Eric Fisher, WBZ-TV chief meteorologist: “They were so on-the-fence about canceling the marathon in 2007, which seems almost impossible. It has to be really bad to cancel the Boston Marathon. The 2007 nor’easter was called days in advance — it was damaging, litter down all over the course, trees down, pouring rain, just a disaster. That was probably the biggest marathon storm that we’ve seen in recent years. Logistically, I’ve talked to [race director] Dave McGillivray about this: That was the most difficult one. How do you stage? How do you set it up? You’ve got all of these tables, and volunteers, and tents to set up, and bus routes and equipment, and you’re trying to factor in all of these things. It was just a ripping storm in the overnight. The day itself was kind of rough, but not as bad as what we saw just a few hours earlier. And a lot of times with the marathon, that’s it — you’re trying to nail a good eight-hour window [of weather], which is still pretty tricky this time of year.”

2012: A high of 89 degrees was reported in Framingham by midday.

Stefano Durante of Italy cools off under a hose held by Kathryn O’Friel of Ashby while climbing Heartbreak Hill in the heat during the 2012 Boston Marathon.


Kevin Lemanowicz, Boston 25 News chief meteorologist:For me, 2012 sticks out the most. I was at the finish line, or just beyond the finish line, as people were coming in. It was brutally hot that day. I believe it was 87 degrees at the finish line, and people were just coming in and collapsing. That became a story connected to the weather, so that’s why I was down there. I remember thinking I couldn’t have run two miles in this on my best day, and these people are running 26.2.”

Wankum:The one I remember most impressively was in 2012, when it was so hot. Everyone always talks about the legendary ‘run for the hoses’ back in 1976. That was like 96 degrees on the course. But that one in 2012, I think it was 87 at the finish line. Fans loved it, because you’re outside, the sun is beaming down, life feels wonderful, but the runners were suffering. They had trained in cold weather, and then to be exposed to that kind of heat is so tough.”

Fisher:I ran the marathon last year, and it was about as cold as it could be this time of the year. But last year’s weather is better than heat. What we had in 2012 is much more dangerous, and it’s a lot harder for the athletes or whoever is running the marathon to deal with. The heat is the No. 1 thing that is most difficult for the runners. [Medical director] Chris Troyanos, there in the medical tent, will tell you that last year’s weather was such misery for everyone watching and running, but they didn’t have nearly the amount of people they had to treat as when it’s even 70 degrees, or 75 degrees, let alone in the 80s.”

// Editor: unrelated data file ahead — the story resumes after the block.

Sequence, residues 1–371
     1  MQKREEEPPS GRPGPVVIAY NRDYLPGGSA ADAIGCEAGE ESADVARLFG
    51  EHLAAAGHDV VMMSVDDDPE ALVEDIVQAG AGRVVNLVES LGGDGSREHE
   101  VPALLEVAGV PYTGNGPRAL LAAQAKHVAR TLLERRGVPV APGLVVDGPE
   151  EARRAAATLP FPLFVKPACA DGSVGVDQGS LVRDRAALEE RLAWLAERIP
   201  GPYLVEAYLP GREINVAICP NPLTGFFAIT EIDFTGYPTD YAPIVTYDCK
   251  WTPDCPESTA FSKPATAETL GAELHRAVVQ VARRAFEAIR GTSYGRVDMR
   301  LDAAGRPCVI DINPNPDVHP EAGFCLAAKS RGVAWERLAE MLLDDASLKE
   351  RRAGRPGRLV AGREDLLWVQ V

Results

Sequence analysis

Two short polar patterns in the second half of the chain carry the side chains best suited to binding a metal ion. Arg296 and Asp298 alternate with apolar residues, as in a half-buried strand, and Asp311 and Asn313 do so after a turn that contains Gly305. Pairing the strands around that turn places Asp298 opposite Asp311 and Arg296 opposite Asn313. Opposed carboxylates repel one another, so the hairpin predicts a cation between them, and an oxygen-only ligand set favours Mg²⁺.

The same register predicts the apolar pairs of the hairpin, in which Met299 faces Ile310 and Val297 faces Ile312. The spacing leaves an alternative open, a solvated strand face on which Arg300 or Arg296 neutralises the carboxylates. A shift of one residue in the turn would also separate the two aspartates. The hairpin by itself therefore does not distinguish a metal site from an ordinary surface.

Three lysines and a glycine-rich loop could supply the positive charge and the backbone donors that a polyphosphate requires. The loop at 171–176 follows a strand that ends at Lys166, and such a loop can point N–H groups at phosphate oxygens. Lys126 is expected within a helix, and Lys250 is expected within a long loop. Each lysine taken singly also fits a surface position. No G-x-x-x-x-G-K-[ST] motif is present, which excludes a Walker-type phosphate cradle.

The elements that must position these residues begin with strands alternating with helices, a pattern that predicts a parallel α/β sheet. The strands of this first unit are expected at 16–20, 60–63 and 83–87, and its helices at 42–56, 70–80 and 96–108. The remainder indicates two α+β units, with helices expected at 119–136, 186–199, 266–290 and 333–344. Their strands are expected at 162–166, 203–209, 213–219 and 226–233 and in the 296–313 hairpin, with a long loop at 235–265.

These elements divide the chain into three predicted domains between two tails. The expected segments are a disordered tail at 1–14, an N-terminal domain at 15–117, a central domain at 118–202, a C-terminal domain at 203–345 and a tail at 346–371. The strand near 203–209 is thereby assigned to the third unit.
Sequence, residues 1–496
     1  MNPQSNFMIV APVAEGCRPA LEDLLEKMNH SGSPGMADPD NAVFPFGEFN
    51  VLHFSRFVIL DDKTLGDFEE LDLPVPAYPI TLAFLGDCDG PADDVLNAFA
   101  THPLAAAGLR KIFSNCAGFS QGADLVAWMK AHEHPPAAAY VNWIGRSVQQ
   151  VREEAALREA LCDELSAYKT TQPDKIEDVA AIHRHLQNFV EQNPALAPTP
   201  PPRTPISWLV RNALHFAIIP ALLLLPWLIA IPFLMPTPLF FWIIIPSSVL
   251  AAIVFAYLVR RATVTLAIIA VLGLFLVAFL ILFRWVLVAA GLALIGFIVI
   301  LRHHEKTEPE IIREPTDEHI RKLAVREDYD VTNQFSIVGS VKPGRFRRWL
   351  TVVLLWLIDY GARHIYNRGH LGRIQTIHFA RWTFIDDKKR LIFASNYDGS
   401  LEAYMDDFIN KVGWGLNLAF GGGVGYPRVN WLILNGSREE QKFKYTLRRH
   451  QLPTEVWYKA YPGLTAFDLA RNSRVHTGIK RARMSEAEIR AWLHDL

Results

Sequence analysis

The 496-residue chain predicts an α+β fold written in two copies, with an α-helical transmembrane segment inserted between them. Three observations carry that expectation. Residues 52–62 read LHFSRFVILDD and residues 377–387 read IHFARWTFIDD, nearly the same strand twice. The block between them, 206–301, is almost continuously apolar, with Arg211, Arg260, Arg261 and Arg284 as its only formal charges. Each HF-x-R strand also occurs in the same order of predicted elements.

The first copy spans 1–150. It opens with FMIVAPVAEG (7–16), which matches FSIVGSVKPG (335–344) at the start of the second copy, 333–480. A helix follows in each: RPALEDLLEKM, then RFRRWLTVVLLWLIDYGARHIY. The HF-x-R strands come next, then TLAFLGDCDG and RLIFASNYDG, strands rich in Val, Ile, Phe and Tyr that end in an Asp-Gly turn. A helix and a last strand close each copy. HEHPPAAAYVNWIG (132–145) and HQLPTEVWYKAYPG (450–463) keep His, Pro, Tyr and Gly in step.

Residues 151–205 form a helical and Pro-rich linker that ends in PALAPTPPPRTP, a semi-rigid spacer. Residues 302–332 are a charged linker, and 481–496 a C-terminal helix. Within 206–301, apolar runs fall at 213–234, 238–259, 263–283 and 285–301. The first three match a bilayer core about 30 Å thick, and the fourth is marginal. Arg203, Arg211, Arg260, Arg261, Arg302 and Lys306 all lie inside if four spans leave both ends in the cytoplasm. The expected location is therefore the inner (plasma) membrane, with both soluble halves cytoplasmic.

2018: Driving rain, winds gusting to 45 miles per hour, and temperatures in the low 40s.

Elite runners power through the rain during the 2018 Boston Marathon.


Fisher:From a personal perspective, 2018 was miserable. You’re going at it as a forecaster and a runner. It’s a double whammy. You’ve got the pressure of forecasting the race, and then you’ll have to go out and run in it afterward. There were times where you were just laughing like a crazy person while you were running. It wasn’t a passing shower or storm or burst of wind; it was just dumping rain, wind in your face, from the moment you started in Hopkinton all the way into Boston.”

Wankum:Last year, with the cold and driving rain, was also impressive. I remember looking at people on TV and thinking, ‘This just looks awful.’”

Lemanowicz:I remember people just dropping out with the sleet and rain and how cold it was. It was a crazy weather day last year.”

Noyes:Last year definitely takes the cake. I remember being out there at the starting line, and it was just absolutely soaking wet. An inch of rain came down, the temperature was in the low 40s, and the wind was whipping, so it felt like 30s. We had water dripping on our electronics, even with them under a tent. The poor runners getting out there were cramping. It was absolutely terrible.”

Fisher: “The most memorable part of last year was being at my in-laws’ house, and my wife was duct-taping all of my equipment. We were wrapping duct tape around my gloves, around my shoes, trying to keep water out. It was a very solemn atmosphere. It wasn’t our biggest storm, but it was our wettest, and it was miserable from start to finish.”

<subheading> Photos: The Boston Marathon through the years: